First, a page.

A Landing a Day

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Colchester, Connecticut

Posted by graywacke on March 14, 2013

First timer?  In this formerly once-a-day blog (and now pretty much a twice-a-week blog), I have my computer select a random latitude and longitude that puts me somewhere in the continental United States (the lower 48).  I call this “landing.”  I keep track of the watersheds I land in, as well as the town I land near.  I do some internet research to hopefully find something of interest about my landing location.  To find out more about A Landing A Day (like who “Dan” is and what the various numbers and abbreviations mean in the first paragraph), please see “About Landing,” (and “Abbreviations” and “Cryptic Numbers”) above.

 Dan – I’ve slipped to 0/4 with this little OSer . . . CT; 6/4; 4/10; 2; 155.7.  As you can see, this was only my 6th landing here; but ratios dictate that I shouldn’t have landed there more than 4 times.  Oh, well.  Here’s my regional landing map:

 col - landing1

A closer-in view shows my proximity to Colchester:

 col - landing2

Here’s my Google Earth (GE) shot, showing that I landed in someone’s backyard!

 col - GE1

And . . . drum roll please . . . when I check GE StreetView, bingo!  And StreetView put my landing pin mysteriously hovering behind the house:

 col - GE2

I backed up a little, and took this shot past my landing, looking south towards McDonald’s Pond (just past McDonald Road, the road near my landing):

 col - GE3

I landed in the watershed of two new rivers!  For the first time ever, I landed in the Deep River watershed, on to the Nantic River (also first time ever), on to the Thames (third hit), which runs below an I-95 bridge on its way to the Long Island Sound (which I and some of my readers, I’m sure have gone over).  The two new rivers are numbers 1106 and 1107. 

 No offense, Colchester, but I couldn’t really find much of particular interest, although there is a cool burger joint call Harry’s Place.  Here’s a Panoramio picture by Earl53:

col - harry's place pano earl53

It actually was reviewed in the NY Times by Christopher Brooks:

 Harry’s Place, established in 1920, may be the least ostentatious of businesses to bear a National Register of Historic Places plaque. Yet the hordes who are drawn to it daily are there for the eats, not its historic significance.

Harry Schmuckler of nearby Salem was the Harry who opened the joint, though he sold it in the 1930s and it has been run by the Garet family since 1978. While the bread-and-butter sales remain griddle-fried quarter-pound patties and crispy-skinned frankfurters, Harry’s Place offers a large selection of comfort foods.

At the high end is a lobster roll, a plentiful blend of buttery claw and arm meat served in a griddle-toasted roll. Also available are corn chowder, lobster bisque and fried clam bellies. And among an army of sides are crispy crinkle-cut fries and house-made potato chips. Perhaps most surprising of all, Harry’s offers Wi-Fi, with the daily login code posted by the front window.

Actually, it sounds like it’s a cut above most burger joints.  Here’s another review, this one by Michael Stern for Roadfood.com, starting with Stern’s picture of a burger:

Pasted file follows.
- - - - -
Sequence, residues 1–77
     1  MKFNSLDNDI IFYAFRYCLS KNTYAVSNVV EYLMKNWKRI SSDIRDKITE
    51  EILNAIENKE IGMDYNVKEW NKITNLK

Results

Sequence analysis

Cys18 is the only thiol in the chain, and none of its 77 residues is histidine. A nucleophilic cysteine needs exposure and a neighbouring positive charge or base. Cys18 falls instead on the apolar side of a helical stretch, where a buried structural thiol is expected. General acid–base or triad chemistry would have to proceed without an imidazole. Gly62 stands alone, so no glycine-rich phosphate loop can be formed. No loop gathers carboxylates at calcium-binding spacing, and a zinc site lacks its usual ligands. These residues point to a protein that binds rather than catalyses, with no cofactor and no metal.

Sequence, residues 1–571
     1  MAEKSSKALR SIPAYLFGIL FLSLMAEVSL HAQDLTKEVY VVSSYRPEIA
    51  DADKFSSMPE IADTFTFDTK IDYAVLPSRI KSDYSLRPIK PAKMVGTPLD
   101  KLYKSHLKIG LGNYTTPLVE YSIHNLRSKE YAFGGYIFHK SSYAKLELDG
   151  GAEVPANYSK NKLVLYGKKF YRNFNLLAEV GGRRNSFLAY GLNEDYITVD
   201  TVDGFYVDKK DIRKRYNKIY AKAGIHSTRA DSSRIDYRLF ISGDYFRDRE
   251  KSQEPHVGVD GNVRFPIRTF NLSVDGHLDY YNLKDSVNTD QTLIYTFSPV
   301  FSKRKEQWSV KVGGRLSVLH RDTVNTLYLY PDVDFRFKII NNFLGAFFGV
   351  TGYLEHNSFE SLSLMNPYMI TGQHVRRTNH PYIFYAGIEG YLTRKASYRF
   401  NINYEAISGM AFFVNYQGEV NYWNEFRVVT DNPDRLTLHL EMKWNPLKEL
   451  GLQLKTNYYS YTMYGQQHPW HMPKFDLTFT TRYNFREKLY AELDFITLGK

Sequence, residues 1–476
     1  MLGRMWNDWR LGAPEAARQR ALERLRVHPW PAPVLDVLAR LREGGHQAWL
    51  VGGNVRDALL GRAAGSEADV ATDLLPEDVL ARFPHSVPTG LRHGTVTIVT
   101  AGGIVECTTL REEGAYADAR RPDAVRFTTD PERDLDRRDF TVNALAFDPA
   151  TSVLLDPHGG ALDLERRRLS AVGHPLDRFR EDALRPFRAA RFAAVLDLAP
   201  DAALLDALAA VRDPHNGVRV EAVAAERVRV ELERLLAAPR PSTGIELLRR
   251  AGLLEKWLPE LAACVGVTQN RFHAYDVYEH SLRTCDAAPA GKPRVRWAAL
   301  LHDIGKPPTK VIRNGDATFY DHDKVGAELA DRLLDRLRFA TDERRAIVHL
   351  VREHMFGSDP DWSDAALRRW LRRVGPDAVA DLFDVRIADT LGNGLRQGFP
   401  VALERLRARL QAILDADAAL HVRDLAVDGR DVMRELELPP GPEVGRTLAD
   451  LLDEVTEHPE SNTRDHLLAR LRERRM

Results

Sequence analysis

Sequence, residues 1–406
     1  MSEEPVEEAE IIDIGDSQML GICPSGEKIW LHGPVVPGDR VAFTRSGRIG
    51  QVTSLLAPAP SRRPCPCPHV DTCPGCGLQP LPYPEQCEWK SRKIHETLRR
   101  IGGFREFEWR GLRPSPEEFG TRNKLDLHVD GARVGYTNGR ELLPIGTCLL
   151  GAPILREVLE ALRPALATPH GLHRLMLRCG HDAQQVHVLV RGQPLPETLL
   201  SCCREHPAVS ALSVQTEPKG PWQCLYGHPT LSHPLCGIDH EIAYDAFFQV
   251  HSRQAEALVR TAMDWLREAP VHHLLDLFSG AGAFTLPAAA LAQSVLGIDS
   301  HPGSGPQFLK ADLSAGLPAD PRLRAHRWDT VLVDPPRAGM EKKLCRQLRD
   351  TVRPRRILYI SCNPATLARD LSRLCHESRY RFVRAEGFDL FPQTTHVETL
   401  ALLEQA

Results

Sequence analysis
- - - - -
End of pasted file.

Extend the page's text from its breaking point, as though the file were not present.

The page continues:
col - harry's place roadfood review by michael stern

Hamburgers are cooked on the hot, oily griddle as a round patty a little smaller than a baseball, then they are flattened out with a spatula. Despite getting squished, the hamburgers remain thick enough to be overwhelmingly juicy. Hot dogs are cooked on the same grill, and they’re plump and tasty ones, especially satisfying when bedded atop some of Harry’s chili sauce.

It’s just before dinner as I’m writing this, and I’m hungry . . .

Moving right along, and searching for a little local interest, I found a nearby town with an unusual name – Moodus (about 8 miles southwest).  Moodus actually means “the Place of Bad Noises.”  Check this out, from Wiki:

Moodus is infamous in Connecticut for the strange noises coming from the woods which have been termed “Moodus noises,” and are attributed to shallow micro-earthquakes.

In Legendary Connecticut, author David Philips asserts that the Moodus noises were the source of an indigenous religious cult important to local Native Americans.  Local Algonquin chiefs (Sachems) would gather around Mt. Tom [a nearby hill] in order to experience the living presence of the god Hobomock.  The Algonquins called the area  Matchitmoodus, meaning “the Place of Bad Noises,” since Hobomock was considered an evil deity.

The local high school’s athletic teams are dubbed the “Noises.”

We’ll add a little legitimate science to the discussion; check out this, from the US Geological Survey:

Historic Earthquake Near Moodus, Connecticut
May 16, 1791
Intensity VII

Largest Earthquake in Connecticut

 The region around Moodus, near the Connecticut River northeast of New Haven, has been the location of a series of local seismic disturbances since this country was settled. This region has been referred to in Indian tradition as Morehemoodus, or “place of noises.”  The first reported earthquake began on May 16 with two heavy shocks in quick succession. Stone walls were shaken down, tops of chimneys were knocked off, and latched doors were thrown open. A fissure several meters long formed in the ground. In a short time, 30 lighter shocks occurred, and more than 100 continued during the night. The quake was felt in Boston and New York City.

There seems to be no other theories of the origin of the bad noises, so I’ll have to go along with earthquake theory, I guess.  Anyway, I’ll close with this Panoramio shot of Chapman’s Falls (about 5 miles south of my landing) by Chris Sanfino:

 col - chris sanfino - 5 mi s chapman falls


That’ll do it.




© 2013 A Landing A Day

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